But, the specific size of the worldwide amateur radio population remains open to speculation, although a 2021 figure of 1.75 million may be closer to the truth. The ARRL thanks Southgate Amateur Radio News, and other sources for these details.

Evidence that South African sporting life may just be returning to some semblance of normality comes in the invitation in Cape Town, from the organisers of the annual 99er Cycle Tour, to HAMNET to assist at next year’s event, to be held on 12th February, if the wretched Coronavirus will let it. We are hoping it will take place, having missed 2021’s event because of COVID-19. In 2020, the race happened just before the disease took off in South Africa. Let’s hope 2022 will signal a return to relative sporting freedom.

The Western Cape Repeater Working Group is running a raffle to raise funds to assist with the maintenance and repair of the repeaters they manage. Tickets are R50 each, and the lucky one whose ticket is drawn will win a brand new Baofeng UV-R 9 Plus, donated by ZS1DDK and ZS1F. If you buy two tickets for R100, you’ll get three chances in the draw, so don’t delay. Use your call sign and UV9 as a reference when you make an EFT into the Working Group’s bank account, which is available on www.wcrwg.co.za  The draw will take place once 100 tickets have been sold!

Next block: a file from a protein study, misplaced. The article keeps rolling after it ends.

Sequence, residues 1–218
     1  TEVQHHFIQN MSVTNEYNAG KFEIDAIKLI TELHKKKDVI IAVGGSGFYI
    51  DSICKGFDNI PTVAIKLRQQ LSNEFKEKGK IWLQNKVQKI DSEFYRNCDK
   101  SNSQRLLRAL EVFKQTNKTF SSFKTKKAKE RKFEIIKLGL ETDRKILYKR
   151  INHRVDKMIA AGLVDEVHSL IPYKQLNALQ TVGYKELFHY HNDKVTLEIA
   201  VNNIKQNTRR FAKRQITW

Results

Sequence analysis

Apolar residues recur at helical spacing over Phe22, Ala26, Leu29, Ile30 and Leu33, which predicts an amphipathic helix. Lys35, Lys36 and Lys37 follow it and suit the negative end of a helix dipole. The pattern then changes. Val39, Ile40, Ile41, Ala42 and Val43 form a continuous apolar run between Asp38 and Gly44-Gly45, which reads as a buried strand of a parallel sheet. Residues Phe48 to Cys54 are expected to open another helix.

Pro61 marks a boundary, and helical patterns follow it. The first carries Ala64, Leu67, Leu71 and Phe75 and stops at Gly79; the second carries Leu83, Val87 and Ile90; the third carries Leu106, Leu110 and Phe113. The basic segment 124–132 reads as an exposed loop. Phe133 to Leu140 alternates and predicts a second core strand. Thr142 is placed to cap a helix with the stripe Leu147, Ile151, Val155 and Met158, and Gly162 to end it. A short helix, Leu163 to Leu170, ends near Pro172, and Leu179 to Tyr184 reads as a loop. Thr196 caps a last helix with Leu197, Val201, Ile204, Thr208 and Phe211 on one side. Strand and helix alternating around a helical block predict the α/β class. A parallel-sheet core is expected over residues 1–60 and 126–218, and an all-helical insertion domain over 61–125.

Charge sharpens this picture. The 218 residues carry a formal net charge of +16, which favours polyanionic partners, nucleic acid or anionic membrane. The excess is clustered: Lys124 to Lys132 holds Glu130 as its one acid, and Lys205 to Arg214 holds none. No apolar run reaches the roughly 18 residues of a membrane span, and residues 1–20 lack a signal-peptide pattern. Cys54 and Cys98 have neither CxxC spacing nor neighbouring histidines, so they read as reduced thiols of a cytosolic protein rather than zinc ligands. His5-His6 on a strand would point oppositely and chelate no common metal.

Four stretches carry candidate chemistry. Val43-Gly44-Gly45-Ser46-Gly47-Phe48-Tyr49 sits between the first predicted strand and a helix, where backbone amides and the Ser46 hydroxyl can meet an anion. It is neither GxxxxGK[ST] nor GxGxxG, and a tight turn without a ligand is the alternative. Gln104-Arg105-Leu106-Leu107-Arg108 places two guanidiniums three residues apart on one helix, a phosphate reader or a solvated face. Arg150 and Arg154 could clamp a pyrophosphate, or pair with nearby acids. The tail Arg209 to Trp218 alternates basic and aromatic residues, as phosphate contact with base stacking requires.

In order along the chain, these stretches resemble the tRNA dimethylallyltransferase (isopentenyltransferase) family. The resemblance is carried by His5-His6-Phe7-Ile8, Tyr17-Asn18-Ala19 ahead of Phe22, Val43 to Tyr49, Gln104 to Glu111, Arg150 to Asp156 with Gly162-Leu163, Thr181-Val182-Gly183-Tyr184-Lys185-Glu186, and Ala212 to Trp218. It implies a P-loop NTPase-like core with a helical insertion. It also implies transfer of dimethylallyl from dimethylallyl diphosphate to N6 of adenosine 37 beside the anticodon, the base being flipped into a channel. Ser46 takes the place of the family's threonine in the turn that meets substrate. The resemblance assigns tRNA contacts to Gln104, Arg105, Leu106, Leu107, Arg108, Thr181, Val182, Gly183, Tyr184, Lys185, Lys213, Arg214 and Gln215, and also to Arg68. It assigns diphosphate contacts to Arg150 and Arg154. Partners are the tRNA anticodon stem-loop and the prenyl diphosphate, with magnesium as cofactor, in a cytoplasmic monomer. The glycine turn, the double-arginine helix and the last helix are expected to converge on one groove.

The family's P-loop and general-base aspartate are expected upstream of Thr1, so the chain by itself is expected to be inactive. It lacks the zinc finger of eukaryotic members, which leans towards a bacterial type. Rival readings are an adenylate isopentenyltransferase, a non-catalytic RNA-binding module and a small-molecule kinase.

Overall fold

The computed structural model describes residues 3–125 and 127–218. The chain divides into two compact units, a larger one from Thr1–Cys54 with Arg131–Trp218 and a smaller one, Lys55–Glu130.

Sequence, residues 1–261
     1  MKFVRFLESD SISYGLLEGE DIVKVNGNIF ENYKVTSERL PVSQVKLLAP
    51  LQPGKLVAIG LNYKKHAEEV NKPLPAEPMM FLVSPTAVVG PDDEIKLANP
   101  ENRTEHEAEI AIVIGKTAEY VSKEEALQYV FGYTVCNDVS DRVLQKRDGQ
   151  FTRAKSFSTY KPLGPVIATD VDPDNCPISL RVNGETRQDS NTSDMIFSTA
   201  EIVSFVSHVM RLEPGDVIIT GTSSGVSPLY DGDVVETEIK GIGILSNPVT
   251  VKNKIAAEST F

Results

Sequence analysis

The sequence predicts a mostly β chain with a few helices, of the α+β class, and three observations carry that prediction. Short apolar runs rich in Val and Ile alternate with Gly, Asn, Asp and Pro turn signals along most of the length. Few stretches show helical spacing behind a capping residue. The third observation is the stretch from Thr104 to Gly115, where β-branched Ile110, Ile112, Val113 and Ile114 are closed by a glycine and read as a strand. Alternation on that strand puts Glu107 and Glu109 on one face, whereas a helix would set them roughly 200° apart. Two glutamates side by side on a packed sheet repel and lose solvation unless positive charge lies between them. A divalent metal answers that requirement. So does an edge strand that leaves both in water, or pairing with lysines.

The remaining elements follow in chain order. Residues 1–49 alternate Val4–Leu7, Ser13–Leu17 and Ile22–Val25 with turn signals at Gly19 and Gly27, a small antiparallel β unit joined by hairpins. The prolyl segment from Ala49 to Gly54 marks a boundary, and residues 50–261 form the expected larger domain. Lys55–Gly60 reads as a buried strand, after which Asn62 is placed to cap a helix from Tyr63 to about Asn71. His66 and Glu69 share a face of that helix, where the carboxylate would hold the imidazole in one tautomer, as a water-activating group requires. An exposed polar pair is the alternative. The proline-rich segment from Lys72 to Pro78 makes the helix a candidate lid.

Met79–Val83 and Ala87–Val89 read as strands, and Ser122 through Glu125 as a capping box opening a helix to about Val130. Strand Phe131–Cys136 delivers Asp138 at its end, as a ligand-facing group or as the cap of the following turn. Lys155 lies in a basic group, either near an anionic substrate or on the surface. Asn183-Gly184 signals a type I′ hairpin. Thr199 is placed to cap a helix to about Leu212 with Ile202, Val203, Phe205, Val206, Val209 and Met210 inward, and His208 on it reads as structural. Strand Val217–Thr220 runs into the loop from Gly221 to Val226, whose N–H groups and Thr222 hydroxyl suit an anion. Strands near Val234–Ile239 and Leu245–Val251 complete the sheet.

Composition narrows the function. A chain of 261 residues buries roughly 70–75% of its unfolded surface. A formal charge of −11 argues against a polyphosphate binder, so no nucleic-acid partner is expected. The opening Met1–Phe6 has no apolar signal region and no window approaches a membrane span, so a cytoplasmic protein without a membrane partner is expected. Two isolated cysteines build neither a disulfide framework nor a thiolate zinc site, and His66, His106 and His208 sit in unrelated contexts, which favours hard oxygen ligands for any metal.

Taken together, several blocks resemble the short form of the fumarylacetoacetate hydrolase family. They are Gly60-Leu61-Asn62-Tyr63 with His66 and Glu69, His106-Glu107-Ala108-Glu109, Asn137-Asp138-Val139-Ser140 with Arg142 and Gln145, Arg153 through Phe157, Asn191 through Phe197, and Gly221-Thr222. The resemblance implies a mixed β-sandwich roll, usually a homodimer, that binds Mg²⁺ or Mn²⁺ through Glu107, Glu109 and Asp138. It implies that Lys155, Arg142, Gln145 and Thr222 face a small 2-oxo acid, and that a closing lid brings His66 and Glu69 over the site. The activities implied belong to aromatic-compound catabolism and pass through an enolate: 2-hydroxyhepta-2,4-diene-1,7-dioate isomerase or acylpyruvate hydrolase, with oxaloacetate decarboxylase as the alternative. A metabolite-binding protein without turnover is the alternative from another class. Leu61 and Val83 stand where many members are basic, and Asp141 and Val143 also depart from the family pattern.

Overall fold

Here’s a doggy rescue story to end this week’s bulletin.

A pug sparked a widespread rescue mission involving two coastguard teams and a social media campaign after it got stuck in the mud.

The dog went missing near Rhyl’s promenade in North Wales and an online appeal found its way to both Rhyl and Flintshire coastguard teams who sprung to action.

The dog’s family was greatly concerned over his whereabouts, especially 12-year-old James, who is autistic and relies on Buddy to keep his anxiety levels low.

Thankfully, Buddy was soon found near the River Clwyd where it was discovered he had become stuck in the mud.

Rescuers were able to free him allowing owner Sarah to share the good news on Facebook.

Speaking to North Wales Live, she said: “I would just like to say thank you to everyone from the bottom of our hearts. We are over the moon with finding Buddy and James is the happiest boy alive right now.

“Nobody ever gave up and they travelled out to help look, they phoned, visited, messaged and shared anything they could to help.

“We were given the best support anyone could wish for, so thank you to everyone; you kept me going all night and day.”

After his ordeal, Buddy was given a much-needed bath.

Sarah added: “James and Buddy have been snuggling since being back together and slept right through the night.

“Buddy means the world to the entire family and helps keep James calm and his anxiety levels low, giving him comfort and making James feel safe.”

I’m sure you’ll agree this is altogether a better story than last week!

This is Dave Reece ZS1DFR Reporting for HAMNET in South Africa.